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Sleep Aggression And Boarding


Guest summernights
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Guest summernights

My work is having a fancy gala on Friday night downtown, so DH and I decided to make a night of it and stay in a hotel. Since it's only for one night, we decided to board Gem at a new pet hotel that just opened up downtown instead of her normal spot (a greyhound farm about an hour+ away).

 

While reading through the rules for the dog hotel, one caught my eye

We do not allow dogs that have caused injury or shown aggression towards humans or other dogs

 

Gem has sleep aggression, and we discovered this about a month or two after we adopted her when, while she was asleep, I gave her a full-on hug and she bit me on the lip. It wasn't a bad enough bite to warrant going to the ER, but it bled and looked like hell and now I have a little scar. My bad, obviously...the phrase "let sleeping dogs lie" obviously came from someone like me :rolleyes: She normally will growl, bark and snap briefly when startled awake, then you can see her fully wake up and get kind of sheepish like "oh, did I do that thing again?". We manage it by talking to her when she's asleep to wake her up, and I can't remember the last time that it happened. It also seems to have gone away as she's gotten older.

 

I'm worried that when I disclose Gem's sleep aggression, the dog hotel may turn us away. Technically, she has caused injury and shown aggression towards humans, but only under the specific circumstance of bothering her while she's asleep.

 

Am I making a bigger deal out of this than it should be? :dunno

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Guest FullMetalFrank

I think you will be OK. At the kennel I work for, we are pretty well-versed in dog behavior and no one would do something like hug an unfamiliar dog, etc... I would let the staff know she does not like to be approached while asleep (which will not likely happen in the kennel, because the dogs will be awake at turnout time!) The way our kennel works, the dogs get turned out into individual runs or social groups if they are known to the staff to be social and always under supervision. While they are out, we do room service and prepare their breakfast; then we go get them and bring them back inside to their kennels one by one. They eat, and an hour or so later the process is repeated except they have a longer turnout for social or individual play. Then their evening meal is prepared, kennels serviced, we bring them back inside to eat, they have last turnout for potty, then it's back inside for the night. The possibility of a dog being approched while sleeping by the kennel staff is pretty non-existent.

 

Since the business is new, I might ask about the staff's credentials and make sure they are managed by a certified kennel operator. You can ask for a tour of the facility and they should be willing to give you one.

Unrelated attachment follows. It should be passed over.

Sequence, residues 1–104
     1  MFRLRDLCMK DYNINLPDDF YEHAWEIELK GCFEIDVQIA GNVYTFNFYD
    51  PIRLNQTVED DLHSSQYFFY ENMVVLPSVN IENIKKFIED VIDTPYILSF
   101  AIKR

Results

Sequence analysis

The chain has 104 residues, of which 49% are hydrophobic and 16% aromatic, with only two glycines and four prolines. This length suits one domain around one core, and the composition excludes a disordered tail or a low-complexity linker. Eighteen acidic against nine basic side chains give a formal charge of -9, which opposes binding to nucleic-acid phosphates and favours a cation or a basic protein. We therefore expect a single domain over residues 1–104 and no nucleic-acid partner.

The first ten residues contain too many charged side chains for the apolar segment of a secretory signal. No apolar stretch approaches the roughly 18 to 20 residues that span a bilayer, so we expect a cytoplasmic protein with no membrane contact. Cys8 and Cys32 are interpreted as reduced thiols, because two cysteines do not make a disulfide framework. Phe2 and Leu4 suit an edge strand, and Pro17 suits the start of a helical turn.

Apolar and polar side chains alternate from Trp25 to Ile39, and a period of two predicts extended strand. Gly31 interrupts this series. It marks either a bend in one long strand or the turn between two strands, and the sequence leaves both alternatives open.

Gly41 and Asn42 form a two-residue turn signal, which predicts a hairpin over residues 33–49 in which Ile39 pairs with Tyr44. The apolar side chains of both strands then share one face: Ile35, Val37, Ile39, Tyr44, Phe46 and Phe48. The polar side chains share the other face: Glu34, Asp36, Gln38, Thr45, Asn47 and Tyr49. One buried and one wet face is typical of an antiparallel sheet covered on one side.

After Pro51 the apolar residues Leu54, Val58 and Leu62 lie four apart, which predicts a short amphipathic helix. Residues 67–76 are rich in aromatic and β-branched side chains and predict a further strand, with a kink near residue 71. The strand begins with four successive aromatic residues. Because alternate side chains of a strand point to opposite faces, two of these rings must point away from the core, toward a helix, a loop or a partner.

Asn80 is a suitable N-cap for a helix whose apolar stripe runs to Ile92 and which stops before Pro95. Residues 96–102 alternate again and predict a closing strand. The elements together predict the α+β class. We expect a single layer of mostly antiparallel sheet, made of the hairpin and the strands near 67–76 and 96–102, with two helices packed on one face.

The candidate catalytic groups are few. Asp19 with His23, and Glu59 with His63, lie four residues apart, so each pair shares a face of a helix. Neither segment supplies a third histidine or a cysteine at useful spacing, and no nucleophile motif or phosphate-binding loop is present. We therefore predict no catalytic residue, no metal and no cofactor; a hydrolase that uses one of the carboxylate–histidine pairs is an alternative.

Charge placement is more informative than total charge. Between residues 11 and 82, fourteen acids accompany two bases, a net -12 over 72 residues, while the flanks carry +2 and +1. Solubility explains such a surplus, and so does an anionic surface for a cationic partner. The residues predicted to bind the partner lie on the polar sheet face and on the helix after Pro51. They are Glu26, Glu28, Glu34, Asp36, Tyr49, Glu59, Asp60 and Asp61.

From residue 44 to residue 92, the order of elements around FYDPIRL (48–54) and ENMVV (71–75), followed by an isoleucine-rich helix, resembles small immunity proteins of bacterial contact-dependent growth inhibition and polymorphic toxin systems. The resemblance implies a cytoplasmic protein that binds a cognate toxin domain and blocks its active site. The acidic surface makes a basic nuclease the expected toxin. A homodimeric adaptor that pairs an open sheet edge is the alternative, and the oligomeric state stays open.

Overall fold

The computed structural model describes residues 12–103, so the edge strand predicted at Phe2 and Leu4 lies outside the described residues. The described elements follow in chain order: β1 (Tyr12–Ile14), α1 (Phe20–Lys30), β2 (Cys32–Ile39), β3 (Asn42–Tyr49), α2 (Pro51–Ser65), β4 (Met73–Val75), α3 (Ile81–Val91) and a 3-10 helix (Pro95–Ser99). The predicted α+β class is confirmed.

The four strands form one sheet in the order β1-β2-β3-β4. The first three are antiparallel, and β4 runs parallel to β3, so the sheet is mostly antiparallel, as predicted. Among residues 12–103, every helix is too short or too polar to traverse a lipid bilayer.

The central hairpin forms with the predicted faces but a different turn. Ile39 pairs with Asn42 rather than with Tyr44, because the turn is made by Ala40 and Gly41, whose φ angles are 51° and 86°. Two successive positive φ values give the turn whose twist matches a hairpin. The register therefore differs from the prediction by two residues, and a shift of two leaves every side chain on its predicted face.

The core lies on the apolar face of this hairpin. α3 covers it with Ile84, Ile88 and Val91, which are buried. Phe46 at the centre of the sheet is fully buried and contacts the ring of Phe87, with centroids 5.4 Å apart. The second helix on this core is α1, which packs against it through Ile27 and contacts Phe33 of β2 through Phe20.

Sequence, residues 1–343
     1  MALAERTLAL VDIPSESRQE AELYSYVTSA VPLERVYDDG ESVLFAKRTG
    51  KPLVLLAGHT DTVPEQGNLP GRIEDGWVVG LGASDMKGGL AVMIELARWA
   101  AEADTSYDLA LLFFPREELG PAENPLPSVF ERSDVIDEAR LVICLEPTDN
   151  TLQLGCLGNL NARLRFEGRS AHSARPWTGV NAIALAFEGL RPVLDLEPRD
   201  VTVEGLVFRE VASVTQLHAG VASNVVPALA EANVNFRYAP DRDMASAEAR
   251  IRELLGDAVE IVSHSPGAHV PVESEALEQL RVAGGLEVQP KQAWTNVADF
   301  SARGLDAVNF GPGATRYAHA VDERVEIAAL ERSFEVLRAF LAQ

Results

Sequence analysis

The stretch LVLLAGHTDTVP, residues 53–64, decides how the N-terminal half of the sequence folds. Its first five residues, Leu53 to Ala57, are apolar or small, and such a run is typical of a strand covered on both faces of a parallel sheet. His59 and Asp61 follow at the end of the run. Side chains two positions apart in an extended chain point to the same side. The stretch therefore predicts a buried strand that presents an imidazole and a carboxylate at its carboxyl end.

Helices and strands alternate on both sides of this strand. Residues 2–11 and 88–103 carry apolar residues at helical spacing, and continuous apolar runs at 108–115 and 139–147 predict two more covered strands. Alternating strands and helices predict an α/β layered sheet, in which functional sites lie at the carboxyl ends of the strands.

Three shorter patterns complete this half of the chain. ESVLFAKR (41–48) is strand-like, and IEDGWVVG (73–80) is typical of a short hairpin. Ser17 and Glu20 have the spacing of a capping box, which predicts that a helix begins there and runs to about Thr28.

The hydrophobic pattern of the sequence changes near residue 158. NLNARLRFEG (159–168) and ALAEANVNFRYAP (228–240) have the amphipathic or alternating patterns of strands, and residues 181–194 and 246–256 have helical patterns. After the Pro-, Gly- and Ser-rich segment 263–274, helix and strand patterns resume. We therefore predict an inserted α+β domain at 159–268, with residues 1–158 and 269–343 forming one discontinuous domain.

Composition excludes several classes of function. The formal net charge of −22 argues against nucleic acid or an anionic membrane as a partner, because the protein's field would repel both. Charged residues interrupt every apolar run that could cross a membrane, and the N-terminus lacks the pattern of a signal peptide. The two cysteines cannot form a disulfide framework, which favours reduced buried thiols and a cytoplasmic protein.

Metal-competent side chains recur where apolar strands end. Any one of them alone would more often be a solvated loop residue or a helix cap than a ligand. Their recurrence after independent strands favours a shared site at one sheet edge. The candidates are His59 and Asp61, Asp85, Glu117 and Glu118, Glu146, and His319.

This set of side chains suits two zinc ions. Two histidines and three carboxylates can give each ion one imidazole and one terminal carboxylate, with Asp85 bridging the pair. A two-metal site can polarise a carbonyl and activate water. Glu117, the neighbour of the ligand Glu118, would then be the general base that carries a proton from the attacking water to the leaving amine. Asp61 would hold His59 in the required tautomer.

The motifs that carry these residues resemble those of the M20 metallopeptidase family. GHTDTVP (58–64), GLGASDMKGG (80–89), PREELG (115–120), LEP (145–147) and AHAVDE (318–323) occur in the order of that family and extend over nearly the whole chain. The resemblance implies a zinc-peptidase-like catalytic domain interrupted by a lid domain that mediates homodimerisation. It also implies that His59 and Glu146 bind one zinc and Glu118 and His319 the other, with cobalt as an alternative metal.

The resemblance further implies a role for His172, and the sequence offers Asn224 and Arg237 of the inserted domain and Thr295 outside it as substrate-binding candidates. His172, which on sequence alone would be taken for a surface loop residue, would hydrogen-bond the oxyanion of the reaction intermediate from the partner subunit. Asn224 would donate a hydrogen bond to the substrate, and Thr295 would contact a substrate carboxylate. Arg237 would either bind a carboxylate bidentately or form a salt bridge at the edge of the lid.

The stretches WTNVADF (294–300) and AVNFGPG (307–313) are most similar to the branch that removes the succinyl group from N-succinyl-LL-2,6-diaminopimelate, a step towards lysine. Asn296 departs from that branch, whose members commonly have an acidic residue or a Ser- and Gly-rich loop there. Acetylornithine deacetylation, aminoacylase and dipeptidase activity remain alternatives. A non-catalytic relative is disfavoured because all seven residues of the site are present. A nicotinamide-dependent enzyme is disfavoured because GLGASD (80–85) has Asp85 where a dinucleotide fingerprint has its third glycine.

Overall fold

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I think you will be OK. At the kennel I work for, we are pretty well-versed in dog behavior and no one would do something like hug an unfamiliar dog, etc... I would let the staff know she does not like to be approached while asleep (which will not likely happen in the kennel, because the dogs will be awake at turnout time!) The way our kennel works, the dogs get turned out into individual runs or social groups if they are known to the staff to be social and always under supervision. While they are out, we do room service and prepare their breakfast; then we go get them and bring them back inside to their kennels one by one. They eat, and an hour or so later the process is repeated except they have a longer turnout for social or individual play. Then their evening meal is prepared, kennels serviced, we bring them back inside to eat, they have last turnout for potty, then it's back inside for the night. The possibility of a dog being approched while sleeping by the kennel staff is pretty non-existent.

 

Since the business is new, I might ask about the staff's credentials and make sure they are managed by a certified kennel operator. You can ask for a tour of the facility and they should be willing to give you one.

excellent advise, and it's only for one night!

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Guest lasharp1209

Yep I came across a similar phrase when I was signing Blade up for basic obedience class. He has bitten both my husband and myself in the past due to high-value resource guarding, and some space aggression when he's lying down. He is much better now, but I didn't know if I should disclose that or not, so I understand how you feel. I knew it wasn't something that would happen during training class, it is stuff that happens at home where he is comfortable. And in your case, I would certainly not think it applies to sleep aggression. I wouldn't worry about it.

 

Plus... ALL dogs can bite, if circumstances allow. Anyone who would bother your dog while she is sleeping shouldn't be working at a boarding kennel.

Edited by lasharp1209
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